plenty of people around here have idle cycles ready to be spent on fun

In that vein, here's another problem. Say you want to randomly shuffle
lines in a stream. You don't know the size beforehand, and one pass is
preferable. The stream can be larger than the working memory, but not
an unbounded amount of times larger. Also lines in the stream can be
unbounded, but it is guaranteed that at least a nonzero fraction of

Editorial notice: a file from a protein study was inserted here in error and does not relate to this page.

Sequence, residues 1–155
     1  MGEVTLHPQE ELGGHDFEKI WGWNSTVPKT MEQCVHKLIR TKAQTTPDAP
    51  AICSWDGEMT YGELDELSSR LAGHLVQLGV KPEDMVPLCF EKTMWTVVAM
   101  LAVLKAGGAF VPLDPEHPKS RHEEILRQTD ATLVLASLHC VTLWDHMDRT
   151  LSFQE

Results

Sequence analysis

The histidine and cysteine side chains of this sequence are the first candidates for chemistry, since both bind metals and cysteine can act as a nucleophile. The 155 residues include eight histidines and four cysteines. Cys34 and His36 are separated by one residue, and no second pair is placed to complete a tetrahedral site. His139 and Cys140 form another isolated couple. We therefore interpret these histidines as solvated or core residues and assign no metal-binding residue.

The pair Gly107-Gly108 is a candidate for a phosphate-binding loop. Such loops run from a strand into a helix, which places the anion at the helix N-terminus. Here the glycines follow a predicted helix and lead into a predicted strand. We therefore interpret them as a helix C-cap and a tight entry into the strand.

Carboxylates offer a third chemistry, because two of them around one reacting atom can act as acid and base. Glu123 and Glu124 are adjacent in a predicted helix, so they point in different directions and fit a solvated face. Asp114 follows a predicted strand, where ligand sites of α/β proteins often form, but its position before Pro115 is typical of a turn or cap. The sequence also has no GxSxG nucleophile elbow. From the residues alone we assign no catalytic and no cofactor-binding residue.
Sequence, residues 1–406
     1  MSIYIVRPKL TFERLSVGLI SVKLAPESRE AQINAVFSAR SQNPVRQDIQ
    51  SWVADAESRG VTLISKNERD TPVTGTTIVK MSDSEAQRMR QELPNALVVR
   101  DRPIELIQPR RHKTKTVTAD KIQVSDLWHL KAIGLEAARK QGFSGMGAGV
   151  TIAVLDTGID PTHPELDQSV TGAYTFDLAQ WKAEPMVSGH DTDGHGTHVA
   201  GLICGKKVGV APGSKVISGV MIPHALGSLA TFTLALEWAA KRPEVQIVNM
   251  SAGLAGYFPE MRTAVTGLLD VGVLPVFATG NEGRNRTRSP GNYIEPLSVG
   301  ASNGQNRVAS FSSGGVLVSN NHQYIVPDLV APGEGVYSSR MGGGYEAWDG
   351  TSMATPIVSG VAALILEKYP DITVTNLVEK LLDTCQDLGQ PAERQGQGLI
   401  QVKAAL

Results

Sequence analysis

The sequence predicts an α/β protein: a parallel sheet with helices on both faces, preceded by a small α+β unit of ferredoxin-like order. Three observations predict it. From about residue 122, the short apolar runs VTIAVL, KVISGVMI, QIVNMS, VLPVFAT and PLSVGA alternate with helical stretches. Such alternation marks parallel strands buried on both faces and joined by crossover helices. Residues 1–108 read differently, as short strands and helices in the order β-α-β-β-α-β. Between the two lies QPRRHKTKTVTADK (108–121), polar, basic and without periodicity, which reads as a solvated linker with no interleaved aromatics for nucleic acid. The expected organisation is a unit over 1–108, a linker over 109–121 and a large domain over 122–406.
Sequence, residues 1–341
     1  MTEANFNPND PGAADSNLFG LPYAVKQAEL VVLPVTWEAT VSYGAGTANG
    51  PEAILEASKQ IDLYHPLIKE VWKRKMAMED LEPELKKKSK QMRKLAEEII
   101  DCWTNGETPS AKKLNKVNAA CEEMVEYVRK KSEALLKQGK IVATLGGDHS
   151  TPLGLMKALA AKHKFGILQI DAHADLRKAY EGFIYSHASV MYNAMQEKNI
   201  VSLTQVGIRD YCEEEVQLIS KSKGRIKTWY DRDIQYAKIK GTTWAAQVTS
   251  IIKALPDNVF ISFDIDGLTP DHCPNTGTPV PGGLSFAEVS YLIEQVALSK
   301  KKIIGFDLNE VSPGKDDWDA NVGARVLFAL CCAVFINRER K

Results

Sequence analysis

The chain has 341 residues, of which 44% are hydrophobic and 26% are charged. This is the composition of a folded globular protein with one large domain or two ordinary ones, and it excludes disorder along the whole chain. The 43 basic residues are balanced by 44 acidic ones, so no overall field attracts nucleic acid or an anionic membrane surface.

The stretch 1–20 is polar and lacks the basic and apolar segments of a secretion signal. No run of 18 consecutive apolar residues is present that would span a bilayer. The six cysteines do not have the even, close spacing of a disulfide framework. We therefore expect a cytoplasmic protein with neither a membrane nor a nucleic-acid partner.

the file fits in working memory.

You can use temporary files, but of course minimizing their total size
is recommended. Speed is of course important. Draft your solution and
explain why you think it's correct and advantageous.

In case you hate random stuff, just wait; the next problem won't have
any random element in it :o).

Andrei

Um... I'm not following that.

Very simple: given a file, just randomly change the order of its lines
and output them. For example (assume read from standard input):

$./shuffle a b c ^D b a c$ ./shuffle
a
b
c
^D
b
c
a